Inspirational Figures – Females

Today ISN’T International Women’s Day (that’s on the 8th March) and that is EXACTLY why i’m publishing this piece today: because there is absolutely no reason we shouldn’t be celebrating strong, successful women every single day of the year and not storing their achievements up to post them once a year.

This year’s IWD did get me thinking though. A post on the BBC Sport page with a column by netball player Serena Guthrie told of the importance of “[influencing] young girls” and while i totally get that, this 30-something male found it equally inspiring. Sadly, the section labelled International Women’s Day disappeared the very next day and finding this piece suddenly became that little bit trickier.

It wasn’t as hard as finding the piece that really grabbed my attention though: The women who have had an epic 12 months. That one required a Google search and while that’s not exactly difficult, it surprised me quite how quickly this inspirational article had fallen from the home page. Likewise the appalling treatment of the Colombian Women’s football team seems old news already.

All that aside, it did get me wondering. From a personal point of view, my Instagram feed is filled with female climbers and that’s not because they’re female, it’s because they’re inspirational people. This is especially telling in an activity such as climbing, where the opponent is arbitrary: climber against the climb. In fact, my whole life is influenced by inspirational women, just as much as men; to me what you do is what counts, not the contents of your underwear.

However, this is related to International Women’s Day and i would like to concentrate on females for this piece. There will be a follow on piece looking at inspirational men, purely for balance and very personal to me but here, i’m looking at the women who help to drive me to get out there and achieve my best.

Shauna Coxsey

In British climbing at the moment, i couldn’t really start with anyone else. Shauna needs no introduction, as a World Cup winner, among many other achievements.

For me, though, it’s not her climbing that i’m impressed with. Well, it is, obviously, but it’s how brilliant she is as a role model for our sport. Shauna is often the face of rock climbing on BBC Sport and has been filmed for at least two #workoutwednesday.

We couldn’t ask for anyone better to fly the flag for rock climbing.

Mina Leslie-Wujastyk

I met Mina in Manchester in 2016 and she came across as friendly, approachable and very knowledgeable. In short, she was really nice! Since then, Mina took a really nasty fall at Malham Cove and has since been talking lots about her recovery and motivation to get back on the project.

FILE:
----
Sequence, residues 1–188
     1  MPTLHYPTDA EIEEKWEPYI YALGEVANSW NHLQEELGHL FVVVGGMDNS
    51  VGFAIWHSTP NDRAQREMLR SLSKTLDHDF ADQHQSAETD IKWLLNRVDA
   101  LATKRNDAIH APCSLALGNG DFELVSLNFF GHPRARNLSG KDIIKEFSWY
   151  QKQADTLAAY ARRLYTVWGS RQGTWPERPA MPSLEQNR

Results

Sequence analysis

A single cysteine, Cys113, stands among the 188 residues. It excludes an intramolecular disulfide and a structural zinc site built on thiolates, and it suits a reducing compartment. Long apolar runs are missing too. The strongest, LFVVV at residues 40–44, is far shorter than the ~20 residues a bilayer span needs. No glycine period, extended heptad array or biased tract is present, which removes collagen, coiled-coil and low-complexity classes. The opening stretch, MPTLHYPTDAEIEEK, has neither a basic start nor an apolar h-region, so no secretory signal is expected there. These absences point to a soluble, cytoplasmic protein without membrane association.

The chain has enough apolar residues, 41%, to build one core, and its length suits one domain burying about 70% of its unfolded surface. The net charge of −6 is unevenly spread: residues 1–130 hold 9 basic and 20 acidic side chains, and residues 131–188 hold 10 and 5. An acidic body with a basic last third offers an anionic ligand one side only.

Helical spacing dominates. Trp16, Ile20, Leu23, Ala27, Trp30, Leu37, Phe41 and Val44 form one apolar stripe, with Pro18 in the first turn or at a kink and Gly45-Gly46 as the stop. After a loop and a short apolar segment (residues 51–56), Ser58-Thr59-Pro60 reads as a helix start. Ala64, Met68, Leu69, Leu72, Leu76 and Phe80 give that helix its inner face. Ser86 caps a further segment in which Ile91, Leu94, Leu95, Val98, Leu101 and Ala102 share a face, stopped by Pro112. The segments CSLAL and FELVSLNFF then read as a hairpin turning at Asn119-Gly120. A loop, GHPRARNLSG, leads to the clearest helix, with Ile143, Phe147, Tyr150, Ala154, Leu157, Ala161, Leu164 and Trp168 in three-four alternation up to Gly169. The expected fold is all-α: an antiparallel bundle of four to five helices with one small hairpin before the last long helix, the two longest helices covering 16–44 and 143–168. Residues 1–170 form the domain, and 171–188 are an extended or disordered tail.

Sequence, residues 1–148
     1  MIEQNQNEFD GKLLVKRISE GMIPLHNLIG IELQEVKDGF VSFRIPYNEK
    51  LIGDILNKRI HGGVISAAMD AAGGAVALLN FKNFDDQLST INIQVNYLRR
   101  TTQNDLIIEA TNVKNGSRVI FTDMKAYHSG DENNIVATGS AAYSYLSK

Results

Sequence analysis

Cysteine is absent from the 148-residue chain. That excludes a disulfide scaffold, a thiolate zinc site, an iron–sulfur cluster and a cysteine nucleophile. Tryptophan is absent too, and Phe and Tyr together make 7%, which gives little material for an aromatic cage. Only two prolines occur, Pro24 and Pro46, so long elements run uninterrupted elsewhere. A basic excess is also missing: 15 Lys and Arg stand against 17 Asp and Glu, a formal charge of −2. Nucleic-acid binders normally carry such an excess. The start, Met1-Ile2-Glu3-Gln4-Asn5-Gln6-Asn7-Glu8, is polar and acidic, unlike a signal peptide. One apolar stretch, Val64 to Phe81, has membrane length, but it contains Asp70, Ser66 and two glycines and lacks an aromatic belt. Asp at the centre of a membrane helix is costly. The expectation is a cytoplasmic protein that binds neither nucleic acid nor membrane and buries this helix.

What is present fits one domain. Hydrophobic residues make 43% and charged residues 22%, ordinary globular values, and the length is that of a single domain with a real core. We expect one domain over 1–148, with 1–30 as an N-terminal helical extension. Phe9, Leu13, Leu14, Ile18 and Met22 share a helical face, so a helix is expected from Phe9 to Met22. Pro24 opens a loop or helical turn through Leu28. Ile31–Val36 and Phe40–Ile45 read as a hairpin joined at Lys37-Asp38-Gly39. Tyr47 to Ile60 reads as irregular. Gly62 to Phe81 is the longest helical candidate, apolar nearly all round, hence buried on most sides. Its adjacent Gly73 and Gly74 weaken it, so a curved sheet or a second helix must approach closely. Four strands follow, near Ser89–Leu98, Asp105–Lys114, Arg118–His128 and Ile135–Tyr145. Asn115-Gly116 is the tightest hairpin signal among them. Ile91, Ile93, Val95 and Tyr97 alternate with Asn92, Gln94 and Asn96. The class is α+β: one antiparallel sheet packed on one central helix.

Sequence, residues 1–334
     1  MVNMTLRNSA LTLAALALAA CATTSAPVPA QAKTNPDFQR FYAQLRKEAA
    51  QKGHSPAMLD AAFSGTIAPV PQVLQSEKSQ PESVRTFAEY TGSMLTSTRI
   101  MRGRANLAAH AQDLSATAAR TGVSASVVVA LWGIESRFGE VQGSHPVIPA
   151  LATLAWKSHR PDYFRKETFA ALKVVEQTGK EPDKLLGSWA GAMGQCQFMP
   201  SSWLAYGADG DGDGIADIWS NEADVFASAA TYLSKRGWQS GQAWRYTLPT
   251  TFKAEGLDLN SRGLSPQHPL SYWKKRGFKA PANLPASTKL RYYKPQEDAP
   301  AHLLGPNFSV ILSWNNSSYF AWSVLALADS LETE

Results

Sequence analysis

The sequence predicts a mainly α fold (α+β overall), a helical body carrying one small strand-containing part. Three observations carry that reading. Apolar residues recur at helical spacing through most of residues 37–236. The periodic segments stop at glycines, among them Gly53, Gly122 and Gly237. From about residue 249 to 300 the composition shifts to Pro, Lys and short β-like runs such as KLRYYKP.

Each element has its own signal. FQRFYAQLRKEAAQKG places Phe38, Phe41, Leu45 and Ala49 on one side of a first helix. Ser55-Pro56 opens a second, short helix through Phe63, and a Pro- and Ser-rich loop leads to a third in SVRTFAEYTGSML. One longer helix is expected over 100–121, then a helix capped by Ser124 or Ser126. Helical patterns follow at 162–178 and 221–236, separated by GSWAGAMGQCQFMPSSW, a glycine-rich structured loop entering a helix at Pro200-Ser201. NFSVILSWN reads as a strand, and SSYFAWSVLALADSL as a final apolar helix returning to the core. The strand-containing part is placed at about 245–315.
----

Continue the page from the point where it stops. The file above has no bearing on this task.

Mina is very open about the dilemma she’s facing with coming back to a project that almost broke her, physically and mentally. Her mental strength, in both dealing with her issues and being so up front about it, reminds me that no matter how strong we are, climbing is always a challenge.

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I’ve had a few questions about Rainshadow and I don’t know what the answer is; whether to try and gather myself to push on with it (once my wrist is healed of course) or to make peace and be done. Honestly, my gut feeling is that it’s time to respectfully tap out. Of course I appreciate that it’s early days and that feelings can change. It’s a shame because I felt like I was getting close, but right now the prospect of going back up there ever again seems too much. That fall, understandably, terrifies me. After all, it’s hospitalised me twice. I still can’t quite believe it. The narrative around “coming back stronger” and “overcoming fear and adversity” sits strongly with me but I am also conscious of making sensible decisions that keep me safe and happy. Sometimes walking away is the hardest and most courageous choice. Whichever way my motivation falls I also have to consider that my future wrist mobility may or may not be good enough for the crux left hand undercut. Only time would tell. There is a lot of uncertainty mentally and physically from this little chapter that I’m just going to have to sit with for a bit. There is a ton of amazing climbing out there in the world; plenty of places I have yet to explore. And I also don’t have to fully decide about Rainshadow yet. So for now I plan to lean into the discomfort and see what I can learn from it, focus on what I can do right now and be grateful for all the good things in life (of which there are many 😊). Photo (from 2017) thanks to @liamlonsdale @arcteryx @fiveten_official @dmm_wales @organicclimbing @betaclimbingdesigns

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Caroline Sinno

I actually met Caroline before i knew anything about her, at a house party in Fontainebleau of all places, and she’s another person on this list who is really nice. I found out afterwards she’s a total badass climber too.

The grades she climbs are unreal, consistently ticking off 8a, i love seeing the pictures of Caroline working her latest projects and reminding me how much i want to return to the forest.

Sasha DiGiulian

I can’t picture Sasha without smiling. She’s appeared in so many films over the years that i feel i know her a bit already – although obviously i don’t as i’ve never met her.

Her climbing achievements speak for themselves, largely because of the media attention she receives. She even made it onto the Sports Illustrated Fittest 50 athletes 2019; and that’s fit in athletic terms and not sexual terms. You should see some of the other athletes on that page!

However there is one post on Instagram she made that really grabbed my attention, as she tempered the furore about the film Free Solo by highlighting the effect focusing on soloing could have on those taking their first steps into climbing. For someone right at the top of her field, one of the best in the world, to realise the effect this film might have on participation is humble and admirable beyond words.